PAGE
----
Supreme Court: No bread for Muslim inmates over Passover
The Supreme Court yesterday rejected an appeal from a Muslim prison inmate who asked to receive bread instead of matza with his meals during the upcoming Passover holiday. Madab Mahmoud Rayik, who is serving time for a criminal offense, is jailed in an integrated prison housing both Arab and Jewish inmates.
Rayik appealed the decision of the district court that the Israel Prisons Service was not obliged to provide him with bread during the holiday. Rayik said he was being forced to eat matza during the holiday even though he is Muslim.
Justice Elyakim Rubinstein said in his ruling that no one disagrees about the importance of bread, but that the state is only obligated to provide inmates with food, not a specific type of food, and that there is no harm in substituting one food for another for a matter of days. "Therefore, there is no legal offense in not providing bread during Passover to wings in which non-Jews reside with Jews in a Jewish and democratic state, especially when a suitable food is being provided," Rubinstein said.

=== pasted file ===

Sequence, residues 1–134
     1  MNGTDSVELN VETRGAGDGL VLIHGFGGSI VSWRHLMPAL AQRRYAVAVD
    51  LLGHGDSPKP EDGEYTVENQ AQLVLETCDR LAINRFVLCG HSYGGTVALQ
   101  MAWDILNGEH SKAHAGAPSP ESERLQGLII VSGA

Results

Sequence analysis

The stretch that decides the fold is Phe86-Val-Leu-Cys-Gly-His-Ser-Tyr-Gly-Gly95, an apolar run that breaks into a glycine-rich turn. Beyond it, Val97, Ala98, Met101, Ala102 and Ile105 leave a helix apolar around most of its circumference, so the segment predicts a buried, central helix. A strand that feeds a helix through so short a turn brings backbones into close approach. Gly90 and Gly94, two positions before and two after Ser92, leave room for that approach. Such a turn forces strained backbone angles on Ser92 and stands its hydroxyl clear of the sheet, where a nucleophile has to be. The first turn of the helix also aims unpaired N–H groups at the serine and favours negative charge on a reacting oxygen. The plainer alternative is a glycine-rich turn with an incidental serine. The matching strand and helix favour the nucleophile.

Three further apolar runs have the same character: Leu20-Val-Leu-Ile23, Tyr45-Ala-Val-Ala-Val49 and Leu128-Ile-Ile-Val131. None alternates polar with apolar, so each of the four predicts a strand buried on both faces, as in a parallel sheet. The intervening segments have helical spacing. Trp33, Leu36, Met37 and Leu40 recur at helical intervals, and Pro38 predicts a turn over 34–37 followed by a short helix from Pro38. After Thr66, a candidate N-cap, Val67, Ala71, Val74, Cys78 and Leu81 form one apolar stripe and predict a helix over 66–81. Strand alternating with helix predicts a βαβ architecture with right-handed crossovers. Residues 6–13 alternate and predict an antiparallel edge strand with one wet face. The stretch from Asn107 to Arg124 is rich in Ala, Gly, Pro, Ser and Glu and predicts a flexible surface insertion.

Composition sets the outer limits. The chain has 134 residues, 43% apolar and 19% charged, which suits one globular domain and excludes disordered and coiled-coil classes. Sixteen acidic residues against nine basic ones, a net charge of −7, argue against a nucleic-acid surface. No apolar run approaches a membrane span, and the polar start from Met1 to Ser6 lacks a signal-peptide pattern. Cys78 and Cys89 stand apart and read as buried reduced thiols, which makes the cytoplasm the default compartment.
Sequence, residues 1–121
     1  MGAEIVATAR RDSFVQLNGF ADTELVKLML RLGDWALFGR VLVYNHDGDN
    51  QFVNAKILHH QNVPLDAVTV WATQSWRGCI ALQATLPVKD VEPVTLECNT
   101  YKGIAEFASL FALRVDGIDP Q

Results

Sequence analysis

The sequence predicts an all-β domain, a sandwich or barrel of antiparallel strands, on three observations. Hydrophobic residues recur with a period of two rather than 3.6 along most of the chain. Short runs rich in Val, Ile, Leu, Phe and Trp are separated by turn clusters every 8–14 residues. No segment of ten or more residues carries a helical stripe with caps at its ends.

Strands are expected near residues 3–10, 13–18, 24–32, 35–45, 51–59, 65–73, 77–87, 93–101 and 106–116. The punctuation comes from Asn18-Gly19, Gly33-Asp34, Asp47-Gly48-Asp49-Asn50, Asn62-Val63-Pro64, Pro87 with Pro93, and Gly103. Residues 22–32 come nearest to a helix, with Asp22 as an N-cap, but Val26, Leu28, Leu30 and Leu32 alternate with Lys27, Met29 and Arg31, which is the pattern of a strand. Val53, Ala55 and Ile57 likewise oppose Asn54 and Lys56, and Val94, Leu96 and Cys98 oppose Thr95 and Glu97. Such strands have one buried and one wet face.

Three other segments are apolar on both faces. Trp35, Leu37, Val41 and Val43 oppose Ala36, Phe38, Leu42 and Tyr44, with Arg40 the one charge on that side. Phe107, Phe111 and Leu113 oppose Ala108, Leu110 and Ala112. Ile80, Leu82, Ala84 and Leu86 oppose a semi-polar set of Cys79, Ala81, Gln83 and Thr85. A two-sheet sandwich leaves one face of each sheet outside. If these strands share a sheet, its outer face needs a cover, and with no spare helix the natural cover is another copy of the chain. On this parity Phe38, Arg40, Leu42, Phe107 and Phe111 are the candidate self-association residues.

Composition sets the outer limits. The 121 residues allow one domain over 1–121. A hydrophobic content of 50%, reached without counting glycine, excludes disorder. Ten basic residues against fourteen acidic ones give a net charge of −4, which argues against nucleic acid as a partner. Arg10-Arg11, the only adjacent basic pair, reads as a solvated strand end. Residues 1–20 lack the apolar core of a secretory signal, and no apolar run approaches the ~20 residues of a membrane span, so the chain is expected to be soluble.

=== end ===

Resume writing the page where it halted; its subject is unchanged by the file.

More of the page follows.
The Israel Prison Service said that facilities with mixed populations are kosher, and that his special request cannot be ranked above that of Jewish inmates who wish to follow the rules of their faith, which forbids the consumption of leavened bread over the holiday that begins at sunset on Monday.
The Prisons Service also noted that Passover lasts only eight days, and it would be imprudent to create tension between the inmates.
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